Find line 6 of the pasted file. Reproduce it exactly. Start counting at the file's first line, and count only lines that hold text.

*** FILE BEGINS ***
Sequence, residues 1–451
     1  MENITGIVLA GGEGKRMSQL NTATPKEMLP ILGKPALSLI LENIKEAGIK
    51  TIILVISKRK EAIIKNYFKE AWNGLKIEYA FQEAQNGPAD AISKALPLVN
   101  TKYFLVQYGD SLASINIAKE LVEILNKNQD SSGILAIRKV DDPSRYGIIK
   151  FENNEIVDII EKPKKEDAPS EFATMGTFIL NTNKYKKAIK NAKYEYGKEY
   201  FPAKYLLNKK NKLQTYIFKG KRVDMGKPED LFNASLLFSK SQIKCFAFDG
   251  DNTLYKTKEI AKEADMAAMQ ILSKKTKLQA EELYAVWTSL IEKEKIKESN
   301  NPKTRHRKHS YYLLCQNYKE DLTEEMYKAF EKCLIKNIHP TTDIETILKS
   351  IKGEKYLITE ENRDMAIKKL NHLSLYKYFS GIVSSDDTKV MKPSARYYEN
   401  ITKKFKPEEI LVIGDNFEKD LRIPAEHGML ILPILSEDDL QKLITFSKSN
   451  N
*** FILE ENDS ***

   201  FPAKYLLNKK NKLQTYIFKG KRVDMGKPED LFNASLLFSK SQIKCFAFDG